Most of the changes in the twentieth edition concern sources and issues that rarely figure in the writing of lawyers and judges, e.g., the citing of social media, opinion pieces in newspapers, or comments to proposed regulations. And the bulk of its expansion (9.6% growth over the prior edition) occurred in the table specifying how to cite foreign sources (T2). By contrast, the edition shaved off seventeen pages by dropping the prior table of abbreviations for the most frequently cited English language periodicals. It has been replaced by multiple tables (institutions, common words, geographical terms) and a set of principles on how to construct a journal abbreviation from them.
The centrality of digital sources to contemporary legal research prompted a number of changes. No longer need some parallel citations to online resources be preceded by the phrase "available at". Citation to online editions of newspapers are acceptable, and citations to the major online law dictionaries need not specify a page number but simply state the term or phrase defined. Notwithstanding these incremental shifts, The Bluebook's approach to when and how to specify the use of an electronic source remains inconsistent. (See The Bluebook's Inconsistency about When to Identify an Electronic Source, Citing Legally, http://citeblog.access-to-law.com/?p=404.) Continuing references to the "title page" of periodicals and treatises, which fewer and fewer researchers consult in a form that has one, betray the distance between the law review editors responsible for The Bluebook and the realities of twenty-first century law practice.
In an unfortunate concession to the interests of the entities sponsoring creation and publication of restatements, uniform codes, and model laws, the new edition would require that citations to such works identify the source. (See Bluebook (20th ed.) and Restatements, Model Codes, etc., Citing Legally, http://citeblog.access-to-law.com/?p=461.)
The nineteenth edition made even fewer significant changes than its immediate predecessor. The "Bluepages," the sole title now given the introductory material introduced in the eighteenth, and accompanying tables expanded from forty-three pages to fifty-one. Expansion and elaboration occurred throughout, most notably in the concluding set of tables (which comprise over half the volume). They grew by nearly forty percent. The bulk of that growth was concentrated in T2's coverage of foreign jurisdictions, from the Argentine Republic to the Republic of Zambia.
Finally acknowledging that the Internet has for many types of legal material supplanted print distribution, The Bluebook now sanctions citation to electronic documents obtained from reliable online sources "as if they were the original print," permitting the omission of URL information in such cases.
The Bluebook's eighteenth edition made few changes of substance. The book's format was revised; numerous rules were clarified; the treatment of foreign and international materials was expanded; and the tables were both added to and extended. The Bluebook continues to deal predominantly with the citation needs and norms of law journal writing. However, the material previously relegated to nineteen pages of "practitioner notes" has, in this latest edition, been expanded into a first section entitled "An Introduction to Basic Legal Citation" (this work's title since its release in 1993). That section is accompanied by a new set of tables furnishing references to local (jurisdiction-specific) citation rules and style guides, information that has been included in the ALWD Guide to Legal Citation from the start.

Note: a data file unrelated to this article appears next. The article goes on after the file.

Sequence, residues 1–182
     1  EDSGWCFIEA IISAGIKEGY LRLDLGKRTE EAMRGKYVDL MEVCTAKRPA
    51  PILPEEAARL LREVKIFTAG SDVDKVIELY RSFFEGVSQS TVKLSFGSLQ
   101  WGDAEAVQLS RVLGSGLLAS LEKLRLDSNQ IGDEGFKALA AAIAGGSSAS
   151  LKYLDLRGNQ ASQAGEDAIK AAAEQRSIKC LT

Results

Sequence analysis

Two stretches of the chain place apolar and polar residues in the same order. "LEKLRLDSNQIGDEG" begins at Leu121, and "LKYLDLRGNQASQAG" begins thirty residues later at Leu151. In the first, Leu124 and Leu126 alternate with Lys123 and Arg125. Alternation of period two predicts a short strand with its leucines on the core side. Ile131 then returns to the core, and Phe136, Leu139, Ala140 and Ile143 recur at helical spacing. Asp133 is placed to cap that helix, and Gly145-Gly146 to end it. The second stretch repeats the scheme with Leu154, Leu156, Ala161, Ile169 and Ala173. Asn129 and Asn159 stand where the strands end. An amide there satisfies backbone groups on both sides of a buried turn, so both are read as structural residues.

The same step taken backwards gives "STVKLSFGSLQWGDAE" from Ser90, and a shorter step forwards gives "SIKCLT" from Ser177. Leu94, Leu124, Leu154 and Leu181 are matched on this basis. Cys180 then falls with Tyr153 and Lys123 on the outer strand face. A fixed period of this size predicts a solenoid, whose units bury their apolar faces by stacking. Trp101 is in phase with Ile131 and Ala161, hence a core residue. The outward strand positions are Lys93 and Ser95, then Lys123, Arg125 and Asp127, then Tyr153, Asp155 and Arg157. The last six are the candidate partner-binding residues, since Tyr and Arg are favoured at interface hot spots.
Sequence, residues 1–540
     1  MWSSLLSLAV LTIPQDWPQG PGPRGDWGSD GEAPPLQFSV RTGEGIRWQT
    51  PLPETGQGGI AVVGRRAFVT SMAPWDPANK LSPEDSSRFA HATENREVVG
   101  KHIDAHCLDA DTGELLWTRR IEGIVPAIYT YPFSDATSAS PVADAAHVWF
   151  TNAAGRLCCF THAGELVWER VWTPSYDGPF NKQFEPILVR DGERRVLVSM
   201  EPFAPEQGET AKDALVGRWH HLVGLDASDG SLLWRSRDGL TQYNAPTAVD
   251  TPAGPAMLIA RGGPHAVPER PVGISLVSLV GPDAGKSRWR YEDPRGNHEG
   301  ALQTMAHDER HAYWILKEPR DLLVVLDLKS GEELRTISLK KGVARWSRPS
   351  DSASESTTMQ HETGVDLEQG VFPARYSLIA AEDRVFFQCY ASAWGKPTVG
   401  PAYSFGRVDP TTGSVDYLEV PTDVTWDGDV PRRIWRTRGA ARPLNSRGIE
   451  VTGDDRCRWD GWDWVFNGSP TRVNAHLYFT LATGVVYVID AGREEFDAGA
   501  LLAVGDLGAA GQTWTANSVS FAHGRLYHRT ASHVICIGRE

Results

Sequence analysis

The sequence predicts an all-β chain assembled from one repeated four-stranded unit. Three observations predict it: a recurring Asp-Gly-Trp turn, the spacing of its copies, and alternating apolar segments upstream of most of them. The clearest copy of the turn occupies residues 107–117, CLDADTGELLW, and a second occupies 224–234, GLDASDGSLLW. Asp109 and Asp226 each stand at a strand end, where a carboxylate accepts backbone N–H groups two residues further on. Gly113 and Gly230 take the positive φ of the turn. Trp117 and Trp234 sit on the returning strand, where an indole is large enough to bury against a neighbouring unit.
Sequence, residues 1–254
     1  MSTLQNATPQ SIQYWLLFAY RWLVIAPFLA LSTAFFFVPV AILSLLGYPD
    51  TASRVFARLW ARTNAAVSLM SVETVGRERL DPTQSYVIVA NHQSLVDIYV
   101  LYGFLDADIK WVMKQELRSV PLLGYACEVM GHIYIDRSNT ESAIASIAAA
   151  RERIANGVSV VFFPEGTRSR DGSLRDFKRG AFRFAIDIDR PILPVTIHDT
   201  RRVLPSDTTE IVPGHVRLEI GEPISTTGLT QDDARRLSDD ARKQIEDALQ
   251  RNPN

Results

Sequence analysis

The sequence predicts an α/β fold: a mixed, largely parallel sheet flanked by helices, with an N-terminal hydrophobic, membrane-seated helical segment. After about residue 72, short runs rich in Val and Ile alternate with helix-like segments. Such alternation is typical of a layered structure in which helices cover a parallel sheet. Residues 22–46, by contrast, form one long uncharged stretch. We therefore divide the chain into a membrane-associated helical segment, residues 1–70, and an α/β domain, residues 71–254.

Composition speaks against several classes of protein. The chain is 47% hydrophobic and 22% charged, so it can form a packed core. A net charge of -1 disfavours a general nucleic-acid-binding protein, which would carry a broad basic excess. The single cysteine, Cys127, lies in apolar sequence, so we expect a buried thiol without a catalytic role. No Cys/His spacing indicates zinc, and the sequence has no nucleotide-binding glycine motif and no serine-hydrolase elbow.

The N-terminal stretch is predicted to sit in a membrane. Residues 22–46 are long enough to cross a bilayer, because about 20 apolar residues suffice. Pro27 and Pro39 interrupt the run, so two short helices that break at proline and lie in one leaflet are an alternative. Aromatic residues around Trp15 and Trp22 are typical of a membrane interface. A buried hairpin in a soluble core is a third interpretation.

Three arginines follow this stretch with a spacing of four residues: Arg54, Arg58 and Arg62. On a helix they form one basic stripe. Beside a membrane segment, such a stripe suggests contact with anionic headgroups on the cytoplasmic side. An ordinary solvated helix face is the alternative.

The Bluebook's coverage of Internet-based material was significantly expanded and rationalized. While the seventeenth edition divided Internet citations into three categories, the eighteenth reduced the number to two ? direct citations of material accessible only online and parallel citations furnished to facilitate access to material distributed in print, but not widely available in that form.
The introductory signal rule changes made by the sixteenth edition were reversed in the seventeenth. Rule 1.2 now provides as it did prior to 1996. "E.g." is back as a separate signal and "contra" is restored.
Rule 10.2.2 no longer spares the first or only word of a party name from abbreviation if it is in the table of abbreviated words (T.6). In addition, that table has been expanded.
Rule 10.3.3 acknowledges the spreading phenomenon of court adopted vendor- and medium-neutral citation systems, requires the use of such a system where the jurisdiction has adopted one. 10.3.1(b) requires the addition of a parallel citation to a regional reporter even though the rule establishing a vendor, medium-neutral citation system may not.
Previously the Bluebook insisted on use of "et al." rather than a full listing of author names when a book had more than two authors. The revised Rule 15.1.1 loosens up to permit a full list when "the names of the authors are relevant."
Electronic and other nonprint resources (commercial online systems, public and commercial internet sites, CD-ROM, Microform and more) have been broken out of Rule 17 (which now deals only with unpublished and forthcoming sources) and placed in a new Rule 18. (The former Rules 18, 19, and 20 have been renumbered accordingly.)